In the posthumous Ethics, he opposed René Descartes' famous mind–body dualism, the theory that the body and spirit are separate.[35] Spinoza held the monist view that the two are the same, and monism is a fundamental part of his philosophy. He was described as a "God-intoxicated man," and used the word God to describe the unity of all substance.[35] This view influenced philosophers such as Georg Wilhelm Friedrich Hegel, who said, "You are either a Spinozist or not a philosopher at all."[36] Spinoza earned praise as one of the great rationalists of 17th-century philosophy[37] and one of Western philosophy's most important thinkers.[38] Although the term "pantheism" was not coined until after his death, he is regarded as the most celebrated advocate of the concept.[39] Ethics was the major source from which Western pantheism spread.[10]

18th century[edit]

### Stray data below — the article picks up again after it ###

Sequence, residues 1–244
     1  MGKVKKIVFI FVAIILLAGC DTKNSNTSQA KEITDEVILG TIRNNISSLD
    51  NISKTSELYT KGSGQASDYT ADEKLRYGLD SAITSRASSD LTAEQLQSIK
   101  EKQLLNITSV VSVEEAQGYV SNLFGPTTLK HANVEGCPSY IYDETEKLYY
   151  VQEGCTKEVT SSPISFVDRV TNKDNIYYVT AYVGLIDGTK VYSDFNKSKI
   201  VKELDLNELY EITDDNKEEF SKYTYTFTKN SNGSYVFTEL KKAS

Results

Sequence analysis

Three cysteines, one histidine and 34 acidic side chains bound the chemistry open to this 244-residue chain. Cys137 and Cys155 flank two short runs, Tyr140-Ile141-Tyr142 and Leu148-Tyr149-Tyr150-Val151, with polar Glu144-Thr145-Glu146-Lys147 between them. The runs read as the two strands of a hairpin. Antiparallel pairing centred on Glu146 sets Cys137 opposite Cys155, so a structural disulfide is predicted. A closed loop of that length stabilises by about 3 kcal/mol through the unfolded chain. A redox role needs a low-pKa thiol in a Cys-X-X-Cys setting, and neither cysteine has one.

The first known use of the term "pantheism" was in Latin ("pantheismus"[8]) by the English mathematician Joseph Raphson in his work De Spatio Reali seu Ente Infinito, published in 1697.[9] Raphson begins with a distinction between atheistic "panhylists" (from the Greek roots pan, "all", and hyle, "matter"), who believe everything is matter, and Spinozan "pantheists" who believe in "a certain universal substance, material as well as intelligence, that fashions all things that exist out of its own essence."[40][41] Raphson thought that the universe was immeasurable in respect to a human's capacity of understanding, and believed that humans would never be able to comprehend it.[42] He referred to the pantheism of the Ancient Egyptians, Persians, Syrians, Assyrians, Greek, Indians, and Jewish Kabbalists, specifically referring to Spinoza.[43]